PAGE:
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G10 Sample optimisation of newborn blood spot screening; a quality improvement initiative
  1. G Ramadan1,
  2. S Grimes1,
  3. L McSorley1,
  4. K Fegan2,
  5. F Brokke1
  1. 1Neonatal Programme, Medway Hospital NHS FT, Gillingham,UK
  2. 2Women’s Health Programme, Medway Hospital NHS FT, Gillingham, UK

Abstract

Aims The publication of Public Health England’s (PHE) standards for newborn blood spot screening (NBBS) in 2013 and 2016; mandated a review of practice and sequential change management programme. The aim of the project was to reduce rates of avoidable NBBS repeats in the medway health economy through improvement of blood sample quality. Repeat samples can cause parental anxiety, distress to babies, delays in the screening process and NHS wasted resources.

Methods We defined good quality blood spot sample as one that is taken at the right time; has all data fields completed on the card; contains sufficient blood to perform all tests; has not been contaminated (expired card or anti-coagulated sample); and arrives in the laboratory in a timely manner. We implemented the IHI® model for improvement and instigated transformation through process mapping and a series of Plan Do Study Act (PDSA) cycles. Step changes included a number of technical and non-technical interventions for sample optimisation. These interventions were tracked quarterly through Statistical Process Control charts and were fed-back real-time to frontline teams. Technical interventions were the introduction of automated arch shaped incision devices, emphasise transfusion date/time on cards and enhanced recording of collected/dispatched samples. Nontechnical interventions were pre-dispatch sample peer checks, guideline review and annual competency assessment via interactive e-learning card.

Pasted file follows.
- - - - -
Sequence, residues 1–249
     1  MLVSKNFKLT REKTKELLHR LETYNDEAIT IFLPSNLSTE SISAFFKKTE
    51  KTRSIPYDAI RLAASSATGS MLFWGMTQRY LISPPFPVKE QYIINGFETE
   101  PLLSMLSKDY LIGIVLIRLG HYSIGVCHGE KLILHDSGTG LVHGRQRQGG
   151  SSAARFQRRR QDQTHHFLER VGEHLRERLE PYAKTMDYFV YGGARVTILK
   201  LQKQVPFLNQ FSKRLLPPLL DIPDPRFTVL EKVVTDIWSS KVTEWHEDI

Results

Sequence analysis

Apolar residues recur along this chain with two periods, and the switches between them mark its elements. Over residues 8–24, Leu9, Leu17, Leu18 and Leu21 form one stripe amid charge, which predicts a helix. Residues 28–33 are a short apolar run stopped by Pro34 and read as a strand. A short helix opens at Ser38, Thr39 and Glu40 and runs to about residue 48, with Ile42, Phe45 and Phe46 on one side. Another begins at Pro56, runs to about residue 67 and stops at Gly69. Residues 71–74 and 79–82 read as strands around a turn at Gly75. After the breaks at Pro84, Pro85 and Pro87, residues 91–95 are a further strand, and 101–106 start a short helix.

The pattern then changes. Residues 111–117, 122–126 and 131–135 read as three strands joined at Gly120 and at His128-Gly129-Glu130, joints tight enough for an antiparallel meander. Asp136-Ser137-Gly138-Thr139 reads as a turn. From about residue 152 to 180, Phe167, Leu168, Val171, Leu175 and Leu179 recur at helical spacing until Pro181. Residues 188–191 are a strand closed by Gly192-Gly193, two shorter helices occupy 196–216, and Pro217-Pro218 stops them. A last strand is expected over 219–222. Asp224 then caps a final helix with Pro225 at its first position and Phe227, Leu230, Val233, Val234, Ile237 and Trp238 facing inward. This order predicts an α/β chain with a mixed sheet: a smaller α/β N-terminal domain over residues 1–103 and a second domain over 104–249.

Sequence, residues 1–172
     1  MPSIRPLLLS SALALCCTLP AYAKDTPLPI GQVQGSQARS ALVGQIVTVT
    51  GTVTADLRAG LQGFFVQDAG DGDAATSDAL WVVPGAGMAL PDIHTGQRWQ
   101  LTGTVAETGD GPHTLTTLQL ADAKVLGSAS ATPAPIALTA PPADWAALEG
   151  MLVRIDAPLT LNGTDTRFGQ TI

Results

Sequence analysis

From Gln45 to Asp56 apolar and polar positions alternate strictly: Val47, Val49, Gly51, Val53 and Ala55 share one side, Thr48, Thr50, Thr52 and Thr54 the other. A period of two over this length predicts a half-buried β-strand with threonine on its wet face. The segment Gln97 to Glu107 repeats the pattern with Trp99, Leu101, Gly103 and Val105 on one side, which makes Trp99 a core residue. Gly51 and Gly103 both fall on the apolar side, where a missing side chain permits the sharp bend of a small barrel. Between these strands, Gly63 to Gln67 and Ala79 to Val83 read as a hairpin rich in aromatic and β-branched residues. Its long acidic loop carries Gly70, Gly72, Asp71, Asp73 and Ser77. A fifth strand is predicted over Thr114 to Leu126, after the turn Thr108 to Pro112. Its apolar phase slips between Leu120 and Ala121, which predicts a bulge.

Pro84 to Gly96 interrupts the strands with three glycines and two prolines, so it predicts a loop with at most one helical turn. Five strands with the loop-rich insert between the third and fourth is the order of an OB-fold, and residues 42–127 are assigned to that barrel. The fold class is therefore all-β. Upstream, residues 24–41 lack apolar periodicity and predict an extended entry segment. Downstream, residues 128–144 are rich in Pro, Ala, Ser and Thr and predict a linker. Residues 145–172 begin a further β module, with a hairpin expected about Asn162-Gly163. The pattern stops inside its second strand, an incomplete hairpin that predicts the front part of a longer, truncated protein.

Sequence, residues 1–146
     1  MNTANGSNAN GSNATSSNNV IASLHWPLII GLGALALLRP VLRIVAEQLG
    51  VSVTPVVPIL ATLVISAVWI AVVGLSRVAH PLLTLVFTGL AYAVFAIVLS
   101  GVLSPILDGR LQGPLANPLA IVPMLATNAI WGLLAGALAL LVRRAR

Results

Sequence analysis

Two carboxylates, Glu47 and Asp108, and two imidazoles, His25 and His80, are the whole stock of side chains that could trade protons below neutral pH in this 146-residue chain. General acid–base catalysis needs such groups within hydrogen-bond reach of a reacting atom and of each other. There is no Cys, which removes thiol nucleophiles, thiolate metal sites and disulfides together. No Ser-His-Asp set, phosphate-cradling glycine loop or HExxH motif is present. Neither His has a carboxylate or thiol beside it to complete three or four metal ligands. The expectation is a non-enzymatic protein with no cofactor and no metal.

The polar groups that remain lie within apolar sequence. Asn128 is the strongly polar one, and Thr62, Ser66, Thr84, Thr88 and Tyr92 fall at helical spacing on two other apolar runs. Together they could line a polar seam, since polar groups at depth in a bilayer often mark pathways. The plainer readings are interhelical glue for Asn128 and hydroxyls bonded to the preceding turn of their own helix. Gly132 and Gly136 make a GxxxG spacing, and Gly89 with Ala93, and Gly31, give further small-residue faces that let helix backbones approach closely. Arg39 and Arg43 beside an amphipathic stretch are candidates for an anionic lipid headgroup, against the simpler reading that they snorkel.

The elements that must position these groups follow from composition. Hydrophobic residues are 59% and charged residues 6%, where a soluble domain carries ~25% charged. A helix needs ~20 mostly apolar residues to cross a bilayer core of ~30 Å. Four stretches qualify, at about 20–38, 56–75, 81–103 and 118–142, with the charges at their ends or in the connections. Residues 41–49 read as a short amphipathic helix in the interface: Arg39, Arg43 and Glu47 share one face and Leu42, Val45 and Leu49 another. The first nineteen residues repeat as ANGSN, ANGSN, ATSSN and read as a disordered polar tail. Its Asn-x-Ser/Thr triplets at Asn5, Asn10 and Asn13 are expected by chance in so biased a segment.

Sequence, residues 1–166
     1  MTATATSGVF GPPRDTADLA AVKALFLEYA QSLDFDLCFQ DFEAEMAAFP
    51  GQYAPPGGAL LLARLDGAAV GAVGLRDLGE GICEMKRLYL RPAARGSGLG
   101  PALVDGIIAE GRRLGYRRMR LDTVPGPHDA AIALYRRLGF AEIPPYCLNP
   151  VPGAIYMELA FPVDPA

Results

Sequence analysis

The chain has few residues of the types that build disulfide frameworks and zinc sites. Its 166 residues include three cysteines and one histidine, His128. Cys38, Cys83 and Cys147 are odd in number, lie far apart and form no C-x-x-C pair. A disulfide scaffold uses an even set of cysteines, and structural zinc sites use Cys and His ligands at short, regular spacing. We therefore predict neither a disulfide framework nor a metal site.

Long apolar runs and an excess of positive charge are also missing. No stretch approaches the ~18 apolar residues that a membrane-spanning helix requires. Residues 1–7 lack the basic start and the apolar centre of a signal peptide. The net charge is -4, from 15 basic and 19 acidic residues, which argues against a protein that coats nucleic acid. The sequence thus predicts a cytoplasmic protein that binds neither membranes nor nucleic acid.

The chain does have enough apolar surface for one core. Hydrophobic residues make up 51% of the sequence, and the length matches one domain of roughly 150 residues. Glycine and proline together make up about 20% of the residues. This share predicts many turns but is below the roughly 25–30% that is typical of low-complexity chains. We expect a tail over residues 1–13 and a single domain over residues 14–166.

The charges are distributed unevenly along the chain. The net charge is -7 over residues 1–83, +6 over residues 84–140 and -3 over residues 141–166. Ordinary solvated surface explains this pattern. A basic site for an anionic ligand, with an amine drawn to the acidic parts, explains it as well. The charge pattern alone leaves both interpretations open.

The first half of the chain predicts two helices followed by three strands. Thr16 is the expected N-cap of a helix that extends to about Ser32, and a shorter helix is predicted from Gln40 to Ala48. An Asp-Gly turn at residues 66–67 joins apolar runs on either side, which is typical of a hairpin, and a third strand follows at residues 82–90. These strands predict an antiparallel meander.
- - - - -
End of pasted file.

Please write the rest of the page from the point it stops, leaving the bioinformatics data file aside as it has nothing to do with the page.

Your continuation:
Results We noticed a reduction of 25% in the rate of avoidable repeats within one year after implementation of change [from 2.35% avoidable repeat rate in 2015 to 1.76% in 2016]. This result was better than the national acceptable avoidable repeat rate of 2%.

Conclusion Improvement of newborn blood spot screening sampling quality has been achieved through a series of interventions in the medway area in Kent. This led to a 25% reduction in rates of avoidable repeats and better utilisation of healthcare resources. These results were considered the best among Kent’s NBBS programmes and could be replicated in other areas in the country using the same approach.

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